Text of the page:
1. Impacts of global change

What are impacts of multiple, potentially interacting climate change factors?

As climate change continues, species are likely to respond directly to alterations in multiple environmental conditions and indirectly to shifts in species interactions. With funding from the National Science Foundation (2018-2021), we are using novel, field-based approaches to simulate warming and CO2 enrichment in tide pool systems in collaboration with the Bracken Lab at UCI, Kroeker Lab at UCSC, Miller Lab at SDSU, and the Sitka Sound Science Center. Results from a short-term experiment suggested that warming and CO2 interact to influence productivity and that ecosystem-level responses emerge before changes to community composition (Sorte & Bracken 2015). In 2019 and 2020, we are running longer-term (6 month) climate manipulations to assess impacts from the organismal to ecosystem level and mechanisms underlying those changes. For updates on this project, please search twitter for #SitkaNSF

Will climate change increase the impact of invasive species?

Invasive species have had large ecological and economic impacts worldwide and, with climate change, are one of the primary threats to global biodiversity. We are collaborating on an international project (led by Montse Vila and funded by NSF/Biodiversa 2019-2021) to understand and manage invasion impacts on biodiversity and ecosystem functioning. Project Scientist Amy Henry is leading efforts to conduct EICAT (Environmental Impacts Classification of Alien Taxa) risk assessments of non-native invasive species and native species that are shifting their ranges under climate change. We are also addressing the potential for climate change to increase invasive species impacts in an international working group led by PI Sorte (and initially funded by the Borchard Foundation; 2015-2016) that has met annually since 2015.

Working group meeting in Amherst, MA

Does climate change favor non-natives?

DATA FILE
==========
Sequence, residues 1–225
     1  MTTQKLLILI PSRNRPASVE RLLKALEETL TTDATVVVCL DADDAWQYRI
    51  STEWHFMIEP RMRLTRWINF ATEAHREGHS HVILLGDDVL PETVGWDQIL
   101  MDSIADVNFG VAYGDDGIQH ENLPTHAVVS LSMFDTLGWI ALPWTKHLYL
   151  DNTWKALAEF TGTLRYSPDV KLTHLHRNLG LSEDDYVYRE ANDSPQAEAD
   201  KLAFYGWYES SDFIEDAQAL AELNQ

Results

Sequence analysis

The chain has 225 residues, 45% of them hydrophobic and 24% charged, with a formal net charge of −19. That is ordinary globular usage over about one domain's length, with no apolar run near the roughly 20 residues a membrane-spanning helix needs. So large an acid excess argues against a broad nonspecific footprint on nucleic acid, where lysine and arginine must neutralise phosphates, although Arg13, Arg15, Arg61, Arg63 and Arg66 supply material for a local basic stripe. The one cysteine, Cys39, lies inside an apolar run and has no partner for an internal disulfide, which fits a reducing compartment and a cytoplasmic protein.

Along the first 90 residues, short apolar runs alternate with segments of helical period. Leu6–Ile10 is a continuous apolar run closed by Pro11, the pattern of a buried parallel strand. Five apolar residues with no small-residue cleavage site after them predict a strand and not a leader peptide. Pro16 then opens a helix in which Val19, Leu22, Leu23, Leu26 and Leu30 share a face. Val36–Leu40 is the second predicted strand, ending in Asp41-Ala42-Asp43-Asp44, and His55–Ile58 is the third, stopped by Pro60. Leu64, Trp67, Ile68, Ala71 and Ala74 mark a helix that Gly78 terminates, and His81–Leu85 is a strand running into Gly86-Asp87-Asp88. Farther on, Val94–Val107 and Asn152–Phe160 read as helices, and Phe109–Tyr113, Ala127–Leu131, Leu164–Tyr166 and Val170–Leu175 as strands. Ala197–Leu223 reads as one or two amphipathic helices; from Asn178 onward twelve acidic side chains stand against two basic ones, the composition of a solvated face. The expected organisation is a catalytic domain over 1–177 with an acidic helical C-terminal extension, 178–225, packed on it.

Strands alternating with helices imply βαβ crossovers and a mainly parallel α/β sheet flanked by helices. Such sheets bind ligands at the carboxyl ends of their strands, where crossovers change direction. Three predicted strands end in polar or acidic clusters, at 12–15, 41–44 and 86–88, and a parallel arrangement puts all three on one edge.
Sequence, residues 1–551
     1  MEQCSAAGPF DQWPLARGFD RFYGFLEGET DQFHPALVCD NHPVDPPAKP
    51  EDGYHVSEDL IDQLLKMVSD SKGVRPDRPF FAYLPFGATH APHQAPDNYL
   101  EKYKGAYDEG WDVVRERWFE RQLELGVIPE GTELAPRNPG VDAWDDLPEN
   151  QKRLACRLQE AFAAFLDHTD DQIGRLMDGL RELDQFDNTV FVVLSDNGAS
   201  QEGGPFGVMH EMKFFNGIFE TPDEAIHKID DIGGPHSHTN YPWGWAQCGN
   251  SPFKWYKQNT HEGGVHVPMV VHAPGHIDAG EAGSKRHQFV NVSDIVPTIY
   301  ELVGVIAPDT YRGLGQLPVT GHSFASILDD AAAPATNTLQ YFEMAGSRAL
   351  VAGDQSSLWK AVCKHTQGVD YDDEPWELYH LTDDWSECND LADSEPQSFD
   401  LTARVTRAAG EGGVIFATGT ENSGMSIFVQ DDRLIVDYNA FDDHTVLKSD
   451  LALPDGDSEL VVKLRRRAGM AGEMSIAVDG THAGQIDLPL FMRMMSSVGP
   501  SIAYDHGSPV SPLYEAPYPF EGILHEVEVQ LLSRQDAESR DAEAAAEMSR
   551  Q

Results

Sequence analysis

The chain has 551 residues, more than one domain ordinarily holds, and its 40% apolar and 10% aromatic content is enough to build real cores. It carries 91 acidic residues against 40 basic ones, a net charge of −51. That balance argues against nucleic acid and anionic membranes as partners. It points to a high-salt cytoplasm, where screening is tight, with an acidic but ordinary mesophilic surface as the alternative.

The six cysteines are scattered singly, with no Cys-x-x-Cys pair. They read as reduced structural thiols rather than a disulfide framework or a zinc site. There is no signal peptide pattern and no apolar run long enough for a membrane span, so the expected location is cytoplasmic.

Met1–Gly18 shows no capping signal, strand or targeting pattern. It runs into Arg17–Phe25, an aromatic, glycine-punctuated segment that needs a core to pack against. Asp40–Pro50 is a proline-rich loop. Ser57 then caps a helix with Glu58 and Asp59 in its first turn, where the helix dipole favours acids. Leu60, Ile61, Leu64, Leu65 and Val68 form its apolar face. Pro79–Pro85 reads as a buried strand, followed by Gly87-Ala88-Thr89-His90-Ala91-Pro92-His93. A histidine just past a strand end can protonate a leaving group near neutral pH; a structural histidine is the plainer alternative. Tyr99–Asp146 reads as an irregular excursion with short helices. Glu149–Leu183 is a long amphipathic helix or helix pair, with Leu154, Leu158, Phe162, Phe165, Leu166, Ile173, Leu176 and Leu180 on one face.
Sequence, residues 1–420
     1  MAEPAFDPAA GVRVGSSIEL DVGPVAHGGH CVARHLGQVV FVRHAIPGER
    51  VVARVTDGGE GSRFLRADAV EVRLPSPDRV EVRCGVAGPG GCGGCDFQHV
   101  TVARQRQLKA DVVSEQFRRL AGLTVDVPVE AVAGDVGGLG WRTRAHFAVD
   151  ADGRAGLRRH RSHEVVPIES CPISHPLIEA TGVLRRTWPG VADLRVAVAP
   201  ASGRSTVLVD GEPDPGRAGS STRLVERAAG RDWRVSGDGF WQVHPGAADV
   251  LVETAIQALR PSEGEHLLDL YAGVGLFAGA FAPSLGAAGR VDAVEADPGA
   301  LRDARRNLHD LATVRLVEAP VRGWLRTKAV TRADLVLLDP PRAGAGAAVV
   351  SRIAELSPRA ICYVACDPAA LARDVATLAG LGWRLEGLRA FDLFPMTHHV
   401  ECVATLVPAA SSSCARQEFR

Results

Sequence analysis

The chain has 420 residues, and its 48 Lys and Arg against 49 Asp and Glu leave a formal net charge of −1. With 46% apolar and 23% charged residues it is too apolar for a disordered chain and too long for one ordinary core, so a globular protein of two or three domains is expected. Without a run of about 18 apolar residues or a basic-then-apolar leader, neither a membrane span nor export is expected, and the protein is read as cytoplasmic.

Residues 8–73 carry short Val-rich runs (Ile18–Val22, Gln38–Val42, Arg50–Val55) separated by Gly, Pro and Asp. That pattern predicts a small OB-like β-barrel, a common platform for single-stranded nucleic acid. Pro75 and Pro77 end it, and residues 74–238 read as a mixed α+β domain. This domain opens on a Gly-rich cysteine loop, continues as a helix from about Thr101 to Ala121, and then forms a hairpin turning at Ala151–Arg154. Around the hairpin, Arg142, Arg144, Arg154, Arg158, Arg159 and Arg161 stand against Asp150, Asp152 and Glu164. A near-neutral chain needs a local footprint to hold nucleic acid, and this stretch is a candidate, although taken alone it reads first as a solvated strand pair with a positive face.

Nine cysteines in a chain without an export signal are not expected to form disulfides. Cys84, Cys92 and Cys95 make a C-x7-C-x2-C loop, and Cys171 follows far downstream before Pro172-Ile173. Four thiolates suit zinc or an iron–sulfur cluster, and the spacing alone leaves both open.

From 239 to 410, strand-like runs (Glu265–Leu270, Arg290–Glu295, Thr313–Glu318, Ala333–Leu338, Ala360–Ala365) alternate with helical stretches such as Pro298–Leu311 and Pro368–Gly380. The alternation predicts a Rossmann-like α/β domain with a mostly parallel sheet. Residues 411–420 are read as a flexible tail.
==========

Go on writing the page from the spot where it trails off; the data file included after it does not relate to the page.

PI Sorte’s Ph.D. research tested the hypothesis that climate change favors non-native over native species. Results of historical comparisons, field observations, lab mesocosm experiments, and population and competition modeling indicated that non-natives are likely to become even more dominant in a marine epibenthic ecosystem as ocean warming continues (Sorte et al. 2010a, Sorte & Stachowicz 2011, Sorte & White 2013 & projects by MS students: Sorte et al. 2010b, Zerebecki & Sorte 2011, Cockrell & Sorte 2013). As a postdoctoral scholar, PI Sorte led a National Center for Ecological Analysis and Synthesis working group (2011-2012, with Jeff Dukes – Purdue and Josh Lawler – UW) that addressed this hypothesis in a cross-ecosystem context. Products from this group included the first cross-ecosystem meta-analysis of climate change effects on performance of native versus non-native species (Sorte et al. 2013) and are listed at the NCEAS link above and provided as links on the Publications page.

Student research underway:

Ph.D. student Sam Mahanes is focusing on the ecosystem roles and vulnerability of the dominant alga in the Sitka, AK tide pool system, as the interactions and responses of this species could leverage overall community responses to climate change. Ph.D. student Piper Wallingford is combining community ecology and biogeography in her work, aiming to predict the effects of warming on distributions of predator and prey. Her research on a range-shifting carnivorous whelk was recently profiled by our Orange County newspaper.

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